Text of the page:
Modeling Process Interactions with Coordination Processes

  • Sebastian SteinauEmail author
  • Kevin Andrews
  • Manfred Reichert
Conference paper
Part of the Lecture Notes in Computer Science book series (LNCS, volume 11229)


With the rise of data-centric process management paradigms, small and interdependent processes, such as artifacts or object lifecycles, form a business process by interacting with each other. To arrive at a meaningful overall business process, these process interactions must be coordinated. One challenge is the proper consideration of one-to-many and many-to-many relations between interacting processes. Other challenges arise from the flexible, concurrent execution of the processes. Relational process structures and semantic relationships have been proposed for tackling these individual challenges. This paper introduces coordination processes, which bring together both relational process structures and semantic relationships, leveraging their features to enable proper coordination support for interdependent, concurrently running processes. Coordination processes contribute an abstracted and concise model for coordinating the highly complex interactions of interrelated processes.


Process interactions Semantic relationships Many-to-many relationships Relational process structure Coordination process 



This work is part of the ZAFH Intralogistik, funded by the European Regional Development Fund and the Ministry of Science, Research and the Arts of Baden-Württemberg, Germany (F.No. 32-7545.24-17/3/1).


  1. 1.
    Belardinelli, F., Lomuscio, A., Patrizi, F.: Verification of GSM-based artifact-centric systems through finite abstraction. In: Liu, C., Ludwig, H., Toumani, F., Yu, Q. (eds.) ICSOC 2012. LNCS, vol. 7636, pp. 17–31. Springer, Heidelberg (2012). Scholar
  2. 2.
    Damaggio, E., Hull, R., Vaculín, R.: On the equivalence of incremental and fixpoint semantics for business artifacts with guard-stage-milestone lifecycles. Inf. Syst. 38(4), 561–584 (2013)CrossRefGoogle Scholar
  3. 3.
    Decker, G., Weske, M.: Interaction-centric modeling of process choreographies. Inf. Syst. 36(2), 292–312 (2011)CrossRefGoogle Scholar
  4. 4.
    Deutsch, A., Li, Y., Vianu, V.: Verification of hierarchical artifact systems. ArXiv e-prints (2016)Google Scholar
  5. 5.
    Eid-Sabbagh, R.-H., Dijkman, R., Weske, M.: Business process architecture: use and correctness. In: Barros, A., Gal, A., Kindler, E. (eds.) BPM 2012. LNCS, vol. 7481, pp. 65–81. Springer, Heidelberg (2012). Scholar
  6. 6.
    Fahland, D., de Leoni, M., van Dongen, B.F., van der Aalst, W.M.P.: Many-to-many: some observations on interactions in artifact choreographies. In: 3rd Central-European Workshop on Services and their Composition (ZEUS), 2011. CEUR Workshop Proceedings, vol. 705, pp. 9–15. (2011)Google Scholar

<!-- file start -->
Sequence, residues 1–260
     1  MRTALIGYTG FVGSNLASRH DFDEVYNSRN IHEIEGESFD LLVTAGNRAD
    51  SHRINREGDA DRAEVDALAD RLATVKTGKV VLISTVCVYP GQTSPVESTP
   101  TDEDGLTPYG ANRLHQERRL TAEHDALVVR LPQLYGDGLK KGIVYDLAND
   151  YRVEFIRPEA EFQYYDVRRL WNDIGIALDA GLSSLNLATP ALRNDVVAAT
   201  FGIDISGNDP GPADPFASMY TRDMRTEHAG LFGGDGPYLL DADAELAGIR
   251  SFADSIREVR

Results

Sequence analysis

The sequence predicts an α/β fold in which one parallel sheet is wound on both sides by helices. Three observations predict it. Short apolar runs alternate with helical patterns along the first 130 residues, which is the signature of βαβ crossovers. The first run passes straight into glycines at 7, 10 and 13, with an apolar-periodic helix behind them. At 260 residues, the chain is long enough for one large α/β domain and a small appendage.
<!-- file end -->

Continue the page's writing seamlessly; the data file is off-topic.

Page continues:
7. 7.
    Hull, R., et al.: business artifacts with guard-stage-milestone lifecycles: managing artifact interactions with conditions and events. In: 5th ACM International Conference on Distributed Event-based System (DEBS) 2011, pp. 51–62. ACM (2011)Google Scholar
  8. 8.
    Hull, R., et al.: Introducing the guard-stage-milestone approach for specifying business entity lifecycles. In: Bravetti, M., Bultan, T. (eds.) WS-FM 2010. LNCS, vol. 6551, pp. 1–24. Springer, Heidelberg (2011). Scholar
  9. 9.
    Künzle, V., Reichert, M.: PHILharmonicFlows: towards a framework for object-aware process management. J. Softw. Maint. Evol.: Res. Pract. 23(4), 205–244 (2011)CrossRefGoogle Scholar
  10. 10.
    Müller, D., Reichert, M., Herbst, J.: Data-driven modeling and coordination of large process structures. In: Meersman, R., Tari, Z. (eds.) OTM 2007. LNCS, vol. 4803, pp. 131–149. Springer, Heidelberg (2007). Scholar
  11. 11.
    Müller, D., Reichert, M., Herbst, J.: A new paradigm for the enactment and dynamic adaptation of data-driven process structures. In: Bellahsène, Z., Léonard, M. (eds.) CAiSE 2008. LNCS, vol. 5074, pp. 48–63. Springer, Heidelberg (2008). Scholar
  12. 12.
    Nigam, A., Caswell, N.S.: Business artifacts: an approach to operational specification. IBM Syst. J. 42(3), 428–445 (2003)CrossRefGoogle Scholar
  13. 13.
    Object Management Group: Business Process Model and Notation (BPMN), Version 2.0 (2011)Google Scholar
  14. 14.
    Steinau, S., Andrews, K., Reichert, M.: The relational process structure. In: Krogstie, J., Reijers, H.A. (eds.) CAiSE 2018. LNCS, vol. 10816, pp. 53–67. Springer, Cham (2018). Scholar
  15. 15.
    Steinau, S., Künzle, V., Andrews, K., Reichert, M.: Coordinating business processes using semantic relationships. In: 19th IEEE Conference on Business Informatics (CBI), pp. 33–43. IEEE Computer Society Press (2017)Google Scholar
  16. 16.
    Sun, Y., Xu, W., Su, J.: Declarative choreographies for artifacts. In: Liu, C., Ludwig, H., Toumani, F., Yu, Q. (eds.) ICSOC 2012. LNCS, vol. 7636, pp. 420–434. Springer, Heidelberg (2012). Scholar
  17. 17.
    van der Aalst, W.M.P., Barthelmess, P., Ellis, C.A., Wainer, J.: Proclets: a framework for lightweight interacting workflow processes. Int. J. Coop. Inf. Syst. 10(04), 443–481 (2001)CrossRefGoogle Scholar
  18. 18.
    van der Aalst, W.M.P., ter Hofstede, A.H.M., Kiepuszewski, B., Barros, A.: Workflow patterns. Distrib. Parallel Databases 14(1), 5–51 (2003)CrossRefGoogle Scholar

Copyright information

© Springer Nature Switzerland AG 2018

Authors and Affiliations

  • Sebastian Steinau
    • 1
    Email author
  • Kevin Andrews
    • 1
  • Manfred Reichert
    • 1
  1. 1.Institute of Databases and Information SystemsUlm UniversityUlmGermany

Personalised recommendations